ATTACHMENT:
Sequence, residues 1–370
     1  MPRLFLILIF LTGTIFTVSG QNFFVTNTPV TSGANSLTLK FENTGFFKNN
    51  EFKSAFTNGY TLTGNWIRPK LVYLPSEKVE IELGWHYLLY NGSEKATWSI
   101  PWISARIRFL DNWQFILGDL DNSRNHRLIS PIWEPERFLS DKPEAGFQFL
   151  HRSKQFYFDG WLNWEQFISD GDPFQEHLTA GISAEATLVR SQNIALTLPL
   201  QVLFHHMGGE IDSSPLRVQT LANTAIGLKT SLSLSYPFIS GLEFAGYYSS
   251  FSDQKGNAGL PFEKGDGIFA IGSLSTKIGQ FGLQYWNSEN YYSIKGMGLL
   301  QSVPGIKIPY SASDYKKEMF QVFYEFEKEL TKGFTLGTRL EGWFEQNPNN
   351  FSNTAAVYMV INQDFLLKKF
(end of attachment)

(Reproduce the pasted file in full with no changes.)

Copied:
Sequence, residues 1–370
     1  MPRLFLILIF LTGTIFTVSG QNFFVTNTPV TSGANSLTLK FENTGFFKNN
    51  EFKSAFTNGY TLTGNWIRPK LVYLPSEKVE IELGWHYLLY NGSEKATWSI
   101  PWISARIRFL DNWQFILGDL DNSRNHRLIS PIWEPERFLS DKPEAGFQFL
   151  HRSKQFYFDG WLNWEQFISD GDPFQEHLTA GISAEATLVR SQNIALTLPL
   201  QVLFHHMGGE IDSSPLRVQT LANTAIGLKT SLSLSYPFIS GLEFAGYYSS
   251  FSDQKGNAGL PFEKGDGIFA IGSLSTKIGQ FGLQYWNSEN YYSIKGMGLL
   301  QSVPGIKIPY SASDYKKEMF QVFYEFEKEL TKGFTLGTRL EGWFEQNPNN
   351  FSNTAAVYMV INQDFLLKKF